Tim Rich: into.

So I think that there's such this amazing creative. Potential through this because it is a, what I would still consider it a mix of social and economic forces. I think that there is this incredible, like raw material to play with. And just like we saw these incredible things that came out of, I think digital art is quite fascinating.

Right. And the way we think about how digital art had kind of takes inputs and outputs from the, the view. Right. And integrates them into this feedback loop of artistic expression. I hold hope that humans are builders, which I don't think is a crazy thing to say. Like, I think we inherently build and we can't help ourselves from building.

And I think that building in that creative desire and drive is going to manifest itself into this new medium. And the NFTs that we're seeing now are a corollary to existing mediums that is. Two dimensional image or the three dimensional image, but I hold a hope that we are going to see wholly new creative experiences that utilize this medium in new ways.

And within those creative experiences are going to become applications for the betterment of humanity that we don't currently see in the current applications. Because when I talked to haters, Haters are just like, it's just a stupid JPEG, you know, right. Click and say bomb. And I think what they're missing is the creative potential that is going to be built by using it.

You know, everybody starts on the piano and chopsticks, even show pan, play chopsticks, you know, and then they headed into this amazing creative world of music. And I see that a lot with, uh, electronic music, you know, having been an early rave and EDM guy, like watching the evolution of that into a far more orchestrated space that I feel has much more in common with quote unquote classical music than it does with original EDM.

And I see that as an evolution because of the creative nature of humans, engaging with the new technology and more refined ways building upon. Huh, 

Laide: that's a good example. Do you have any more other, like any other examples with regards to the creative evolution that may occur? I have a hard time visualizing it and I'm like, what does that, what does that look like?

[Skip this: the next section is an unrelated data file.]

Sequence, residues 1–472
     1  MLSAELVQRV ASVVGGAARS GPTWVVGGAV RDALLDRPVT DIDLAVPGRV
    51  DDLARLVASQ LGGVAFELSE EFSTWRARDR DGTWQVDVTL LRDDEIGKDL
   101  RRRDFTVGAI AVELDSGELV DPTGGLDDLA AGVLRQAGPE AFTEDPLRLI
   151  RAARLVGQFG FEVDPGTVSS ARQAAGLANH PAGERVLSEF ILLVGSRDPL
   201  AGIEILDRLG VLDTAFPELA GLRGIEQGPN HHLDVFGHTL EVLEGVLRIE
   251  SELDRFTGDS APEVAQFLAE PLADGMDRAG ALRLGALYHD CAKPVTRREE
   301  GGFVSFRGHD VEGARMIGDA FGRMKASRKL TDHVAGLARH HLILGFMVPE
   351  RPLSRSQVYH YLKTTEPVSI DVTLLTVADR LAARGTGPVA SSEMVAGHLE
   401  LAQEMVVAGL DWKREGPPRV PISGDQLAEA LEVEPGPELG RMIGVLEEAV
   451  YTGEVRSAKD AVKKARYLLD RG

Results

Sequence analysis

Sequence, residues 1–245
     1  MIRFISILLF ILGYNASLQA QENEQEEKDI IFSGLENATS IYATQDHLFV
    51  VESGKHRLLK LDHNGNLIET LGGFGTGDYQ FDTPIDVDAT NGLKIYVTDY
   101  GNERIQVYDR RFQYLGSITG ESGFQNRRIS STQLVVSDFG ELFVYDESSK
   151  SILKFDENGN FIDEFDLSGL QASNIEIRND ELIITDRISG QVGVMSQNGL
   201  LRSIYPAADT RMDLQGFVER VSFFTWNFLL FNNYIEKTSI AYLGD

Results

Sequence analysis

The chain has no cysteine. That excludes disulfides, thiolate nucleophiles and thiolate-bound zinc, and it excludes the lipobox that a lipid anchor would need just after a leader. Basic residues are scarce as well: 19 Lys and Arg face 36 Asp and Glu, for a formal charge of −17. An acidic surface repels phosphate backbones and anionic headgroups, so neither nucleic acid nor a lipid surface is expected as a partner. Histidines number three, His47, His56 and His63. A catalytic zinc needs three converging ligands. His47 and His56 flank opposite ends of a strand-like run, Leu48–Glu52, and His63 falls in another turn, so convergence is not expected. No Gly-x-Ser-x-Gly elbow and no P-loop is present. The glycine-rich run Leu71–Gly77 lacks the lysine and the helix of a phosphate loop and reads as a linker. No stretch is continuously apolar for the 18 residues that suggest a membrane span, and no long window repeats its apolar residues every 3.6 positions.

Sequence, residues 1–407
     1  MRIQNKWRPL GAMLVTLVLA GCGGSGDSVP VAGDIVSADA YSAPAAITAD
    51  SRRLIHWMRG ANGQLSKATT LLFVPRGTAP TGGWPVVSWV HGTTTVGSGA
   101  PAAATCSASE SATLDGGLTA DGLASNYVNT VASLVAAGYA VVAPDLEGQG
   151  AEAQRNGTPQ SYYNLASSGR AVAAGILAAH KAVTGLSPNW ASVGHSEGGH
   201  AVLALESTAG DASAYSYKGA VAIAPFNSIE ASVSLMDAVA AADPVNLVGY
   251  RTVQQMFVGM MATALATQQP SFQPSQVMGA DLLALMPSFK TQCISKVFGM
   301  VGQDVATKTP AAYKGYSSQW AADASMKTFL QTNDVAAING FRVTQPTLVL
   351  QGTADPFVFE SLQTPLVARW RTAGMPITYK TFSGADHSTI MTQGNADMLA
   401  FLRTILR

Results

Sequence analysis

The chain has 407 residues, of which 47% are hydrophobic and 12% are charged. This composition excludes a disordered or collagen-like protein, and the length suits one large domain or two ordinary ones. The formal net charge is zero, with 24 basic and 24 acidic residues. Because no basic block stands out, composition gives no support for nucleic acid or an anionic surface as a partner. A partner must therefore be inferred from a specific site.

Is it too early to tell, or do you have any early sort of inclinations of how things might change? Yeah, 

Tim Rich: absolutely. And you know, I think this is where. The creative industries, like an namely like advertising as a massive creative industry, though, it is funded by brands and capital. The individuals who engage in that space are like Unchained creative people.

And what I've witnessed by being in those places. Is the, the way that we tie together existing pieces. So what I see with the blockchain, I was just on a call actually with a, um, a nonprofit called the Flint collective and they use light installations inside of cities to help people reengage with the city in a new way and pardon the pun, but to see the urban landscape in a new light.

Right. Love it. Yeah. Why not? Right too easier. I can't, can't hit that one right in front of me. Uh, so what I'm seeing then is they're talking about using NFTs as a way to incentivize participants, to travel across a city, to engage with different light sculptures and as a remuneration to get given a freely minted NFT that might hold part of the creative process of building this experience.

Right. And all of a sudden we've taken a. Tools of light tools of spatial creation tools of Geolog graphic movement and woven them together to create this hybrid experience of light place sound and, you know, Right. And there, it's not really before in this case, it's not an NFT project because it's really a light project, right.

The NFT is just providing a little color of weaving it together. And I think we saw it early in television and we have the Superbowl coming. And so for our friends in the future, You can all look back at it, but the thing about the Superbowl or the ads, right. And I'm very curious to see how current advertising this year overtly or not overtly references the blockchain.

Right. But they're like this idea that even if it's a Lampoon or if it's referenced in these massive cultural moments, I think that's part of why it's going to layer. I don't know yet how blockchain and NFTs themselves standalone as artistic expression, but rather as a combination of a larger piece, I see that expanding really rapidly 

Laide: right now.

I agree with that. I think there's gotta be some sort of like digital, physical hybrid for us to sort of fully. Uh, utilize this technology in a way that makes sense for everybody who lives in the physical world, but I don't know. Right. Um, maybe we'll all live in the metaverse who knows? 

Tim Rich: Well, I hope it's not this damn pixelated stuff, because I want a little richer life.

I'm going to be living in a metaverse. I at least need some HD, you know, 

Laide: so true. So true. 

Tim Rich: Yeah. Hey, I'm not, I'm not moving in until this is 4k. I'm just saying 

Laide: you might get left behind Tammy. You might get left behind. 

Tim Rich: Very likely. I mean, where's my 4k man. He told me it was coming 

Laide: to your earlier point about culture and how it's sort of shaping up.

That's something that I've always overlooked and understated. And I just saw culture as culture, not really as currency in that sense. And so it's interesting to kind of see. Culture is also a big part of that equation. And I've sort of been missing that in my own 

Tim Rich: mental model as well. I think it is a subtle monetization.

Meaning that there are aspects of our world, which are very easy to monetize gold microchips, uh, clean air, right? Like there are parts that we all need and that there are easy monetization methods towards, I think where culture gets sticky is it is, uh, it's always in group. Right. So if you're not in the.